Taking time to run these numbers will save you a great deal of buyer’s remorse and the possibility of becoming house poor.
What Percentage of Your Income Can You Afford for Mortgage Payments?
As a general rule, your mortgage payments should never go past 28% of your income. Conservatives recommend devoting no more than 25% of your after-tax income to mortgage payments. The traditional model suggests dedicating nothing above 35% to cover your mortgage, property tax, and property insurance. This model further recommends keeping your total debt below 45%. The financial sages behind MoneyWizard maintain that you’ll be fine if you can strike a balance between the two models or stick to the one that makes more sense to you financially.
Make Sure You Have an Emergency Fund
An emergency fund is crucial for homeowners. While you might have crunched the numbers and arrived at the magic figure you need to be paying monthly for your new home, there’s no foretelling where the next surprise cost might spring up from. It could be a roof leak, a problem with the plumbing, your car breaking down, upgrading, or furnishing. This is exactly why you need an emergency fund that will cushion you against such uncertainties.
Ideally, you need an emergency fund of at least six to eight months of basic expenses if you’re to comfortably weather unforeseen costs in your new home, but you can always save as much money as possible for a rainy day.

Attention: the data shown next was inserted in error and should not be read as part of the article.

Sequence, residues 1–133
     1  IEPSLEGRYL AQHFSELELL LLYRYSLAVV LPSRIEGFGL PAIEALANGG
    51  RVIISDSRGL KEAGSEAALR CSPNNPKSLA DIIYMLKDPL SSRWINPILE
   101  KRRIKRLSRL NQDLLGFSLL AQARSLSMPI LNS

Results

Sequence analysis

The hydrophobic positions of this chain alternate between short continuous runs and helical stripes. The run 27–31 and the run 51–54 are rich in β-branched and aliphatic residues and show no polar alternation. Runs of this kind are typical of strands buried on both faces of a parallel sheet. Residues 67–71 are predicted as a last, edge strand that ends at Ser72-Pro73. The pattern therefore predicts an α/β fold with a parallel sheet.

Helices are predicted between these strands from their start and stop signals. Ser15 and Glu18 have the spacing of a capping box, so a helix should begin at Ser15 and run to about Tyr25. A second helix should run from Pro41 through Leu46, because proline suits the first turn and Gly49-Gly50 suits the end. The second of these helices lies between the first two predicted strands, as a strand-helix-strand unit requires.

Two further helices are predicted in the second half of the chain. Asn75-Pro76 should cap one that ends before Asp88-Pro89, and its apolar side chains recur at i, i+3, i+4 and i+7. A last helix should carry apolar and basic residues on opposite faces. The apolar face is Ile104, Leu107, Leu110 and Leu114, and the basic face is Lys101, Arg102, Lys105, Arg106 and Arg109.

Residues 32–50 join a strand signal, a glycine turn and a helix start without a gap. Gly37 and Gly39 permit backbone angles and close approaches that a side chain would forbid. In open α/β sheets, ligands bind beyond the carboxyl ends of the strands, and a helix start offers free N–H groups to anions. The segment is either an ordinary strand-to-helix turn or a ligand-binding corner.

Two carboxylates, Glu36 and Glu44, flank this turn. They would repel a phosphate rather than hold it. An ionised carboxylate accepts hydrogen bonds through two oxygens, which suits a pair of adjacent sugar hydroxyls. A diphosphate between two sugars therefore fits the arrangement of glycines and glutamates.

When you find yourself stretched beyond your means and all the cost-cutting measures are doing little to rescue your situation, you may consider refinancing. Refinancing involves trading your old mortgage with a new loan with better terms, and possibly a new balance. This can afford you more money to spend on other discretionary items and perhaps lead a more comfortable lifestyle while servicing the new debt.
While buying a home is a sound financial and lifestyle decision, it should always be based on the reality of your finances to avoid getting yourself into a debt spiral— where you experience ever-increasing levels of debt, which will quickly become unsustainable.
Never make assumptions when you can work the math and decide whether a mortgage plan suits you or not. Consider that the more money you devote to paying for your home, the less you’ll have for other things. And there’s more to life than owning a home.
After all, it’s better to make cautious financial decisions around home ownership instead of pulling the trigger too quickly and becoming house poor. When you (and your finances) are really ready to own a home, you’ll know!
Additional Resources for First-Time Home Buyers
First-time home buyer? You probably have a lot on your mind. Thankfully, the financial sages behind MoneyWizard have got the resources, tips and financial support to help you on your journey!
- Start here! This step-by-step guide includes all the up-to-date information you need to help you make informed decisions and understand the home buying process in Canada… [Read more]
- To make buying your first home more affordable, the government offers numerous incentives— tax benefits, rebates, tax credits, or ways to fund your down payment. Find out if you’re eligible… [Read more]
- Mortgage pre-approval is not only easier but faster than the mortgage approval process. It also expedites closing on a mortgage when you’re ready. In other words, a mortgage pre-approval is your true first step to owning a home. Learn how to get pre-approved today… [Read more]
- Depending on your strategy, successfully saving up for a down payment can be one of the most important steps in securing your financial future. It’s time to take the first step—we’ll show you how… [Read more]
- Lower credit scores attract higher rates—sometimes above ~10%. Regardless, you can still pursue your dream without waiting for your credit score to improve. And the financial sages behind MoneyWizard can help you obtain a mortgage—even with ‘bad’ credit…. [Read more]